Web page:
The First Inhabitants
The history of human presence on the Island of Santa Catarina dates back to approximately 4.500 years ago and is closely linked to the sambaquis culture. Sambaqui is a word of Tupi-Guarani origin, which means "heap of shells" and designates archaeological sites formed by deposits of mollusk shells such as oysters and cockles.
The sambaqui builders, or sambaquieiros, were sedentary fishermen and gatherers. These first human groups basically fed on fish, molluscs, crustaceans, vegetables and small game. They they accumulated mollusc shells and other food scraps, sometimes for generations. As they live close to the sea, these groups even lived on top of these sambaquis, as they were dry places, free of venomous animals and ideal for viewing the sea and the surroundings of the houses. The oldest sambaqui was found in the locality south swamp.
Around the XNUMXth century, two hundred years before the arrival of Europeans, the Carijós arrived. Divided into several tribes and villages, they occupied most of the coastal area. The Carijós were excellent potters and already knew about agriculture. They planted manioc and produced flour, in addition to cultivating species of corn, yams, cotton, peanuts, pepper, tobacco and gourd.
They received the whites with great cordiality and curiosity, showing no hostility. That is why they were later imprisoned by the Portuguese and sold as slaves in the markets of São Vicente and Bahia de Todos os Santos.
Names of some Florianopolitan regions, such as Pirajubaé, itaguaçu e anhatomirim, are some of the historical references left by them. Meiembipe, or "mountain along the canal" and Yjurerê-Mirim, or "small mouth", were denominations that the Carijós used to call their land.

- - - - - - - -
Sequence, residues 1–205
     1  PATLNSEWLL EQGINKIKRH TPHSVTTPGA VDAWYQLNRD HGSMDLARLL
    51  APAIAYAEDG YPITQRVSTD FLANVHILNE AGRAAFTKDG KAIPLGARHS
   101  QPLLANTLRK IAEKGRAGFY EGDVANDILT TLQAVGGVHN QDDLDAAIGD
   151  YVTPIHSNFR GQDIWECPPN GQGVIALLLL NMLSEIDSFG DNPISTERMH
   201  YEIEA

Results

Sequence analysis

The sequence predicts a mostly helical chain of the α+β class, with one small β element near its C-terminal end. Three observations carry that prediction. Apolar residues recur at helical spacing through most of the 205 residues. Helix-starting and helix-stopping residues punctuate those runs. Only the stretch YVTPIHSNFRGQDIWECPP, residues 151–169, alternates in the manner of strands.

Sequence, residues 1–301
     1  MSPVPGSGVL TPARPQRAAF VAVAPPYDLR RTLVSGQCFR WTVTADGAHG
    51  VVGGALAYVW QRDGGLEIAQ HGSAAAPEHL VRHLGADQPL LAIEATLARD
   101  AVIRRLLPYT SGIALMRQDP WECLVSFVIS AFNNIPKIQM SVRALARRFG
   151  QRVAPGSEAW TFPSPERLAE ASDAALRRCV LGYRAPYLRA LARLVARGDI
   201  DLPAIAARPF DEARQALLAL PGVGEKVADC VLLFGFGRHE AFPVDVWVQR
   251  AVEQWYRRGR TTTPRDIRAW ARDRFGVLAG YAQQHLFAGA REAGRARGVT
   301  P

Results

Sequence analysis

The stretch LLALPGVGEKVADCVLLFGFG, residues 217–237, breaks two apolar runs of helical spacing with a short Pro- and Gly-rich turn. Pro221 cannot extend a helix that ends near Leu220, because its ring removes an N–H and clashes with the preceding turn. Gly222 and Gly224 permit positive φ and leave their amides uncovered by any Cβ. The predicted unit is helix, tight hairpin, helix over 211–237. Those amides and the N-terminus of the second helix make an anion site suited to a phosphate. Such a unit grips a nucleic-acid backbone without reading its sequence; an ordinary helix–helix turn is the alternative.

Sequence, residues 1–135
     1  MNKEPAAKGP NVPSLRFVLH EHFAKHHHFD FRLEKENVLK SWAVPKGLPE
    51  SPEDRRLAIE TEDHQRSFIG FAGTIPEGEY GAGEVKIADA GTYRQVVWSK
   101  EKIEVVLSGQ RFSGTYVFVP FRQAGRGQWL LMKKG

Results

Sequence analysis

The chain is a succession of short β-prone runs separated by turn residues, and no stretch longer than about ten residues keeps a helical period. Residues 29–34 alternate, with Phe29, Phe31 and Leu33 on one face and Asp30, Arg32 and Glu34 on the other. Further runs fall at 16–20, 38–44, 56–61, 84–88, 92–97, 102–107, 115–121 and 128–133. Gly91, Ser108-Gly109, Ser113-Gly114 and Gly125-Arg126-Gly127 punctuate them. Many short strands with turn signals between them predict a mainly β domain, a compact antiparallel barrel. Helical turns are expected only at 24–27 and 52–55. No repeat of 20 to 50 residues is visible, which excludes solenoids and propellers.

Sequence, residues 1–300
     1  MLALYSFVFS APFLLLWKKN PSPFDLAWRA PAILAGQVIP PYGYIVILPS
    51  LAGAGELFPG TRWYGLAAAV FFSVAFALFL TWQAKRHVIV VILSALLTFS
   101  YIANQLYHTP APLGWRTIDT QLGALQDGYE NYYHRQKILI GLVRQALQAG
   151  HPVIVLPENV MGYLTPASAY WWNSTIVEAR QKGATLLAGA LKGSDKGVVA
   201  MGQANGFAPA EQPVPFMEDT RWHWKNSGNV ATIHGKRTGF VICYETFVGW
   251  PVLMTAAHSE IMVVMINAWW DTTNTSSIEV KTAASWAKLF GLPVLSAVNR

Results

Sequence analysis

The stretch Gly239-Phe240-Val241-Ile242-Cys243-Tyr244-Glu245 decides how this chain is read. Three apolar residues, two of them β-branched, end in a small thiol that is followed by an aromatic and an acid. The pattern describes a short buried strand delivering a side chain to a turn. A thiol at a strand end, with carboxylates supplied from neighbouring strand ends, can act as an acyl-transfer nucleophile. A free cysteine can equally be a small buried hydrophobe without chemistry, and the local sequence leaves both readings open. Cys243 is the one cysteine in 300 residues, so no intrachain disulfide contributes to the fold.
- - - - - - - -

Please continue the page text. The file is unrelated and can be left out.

The gradual extermination of these indigenous tribes on the coast of Santa Catarina began to take place at the end of the XNUMXth century, due to slavery and poor resistance to diseases brought by Europeans, such as influenza, measles, smallpox, tuberculosis, etc. Despite the efforts of Spanish and Portuguese Jesuit missionaries to save them, the Carijós were left with one last role: that of European slaves on the sugar mills that were beginning to be installed here.
The Village Foundation
The first settlers to settle on the Island of Santa Catarina were shipwrecked and deserters from some maritime expeditions. However, the foundation of the city itself only took place in 1675. It was in this year that the bandeirante Francisco Dias Velho arrived on the island, who, in addition to boosting the emergence of the settlement, ended up having a tragic end, worthy of an adventure film. With Dias Velho came his wife, five children, another family, two priests from the Society of Jesus and another 500 indigenous people.
The bandeirante, born in the Captaincy of São Vicente (currently Santos-SP), had his career marked by land disputes with indigenous peoples and with pirates of various nationalities. The founder already brought information about the existence of a small trade carried out in the place where the city would be installed and about the people he would find in the region.
The first step was the construction of a small church where today the Florianopolis Cathedral, with the protection of Santa Catarina. Next, the best region for the village was chosen, starting the construction of houses and starting the planting of new crops.
The tragic fate of Dias Velho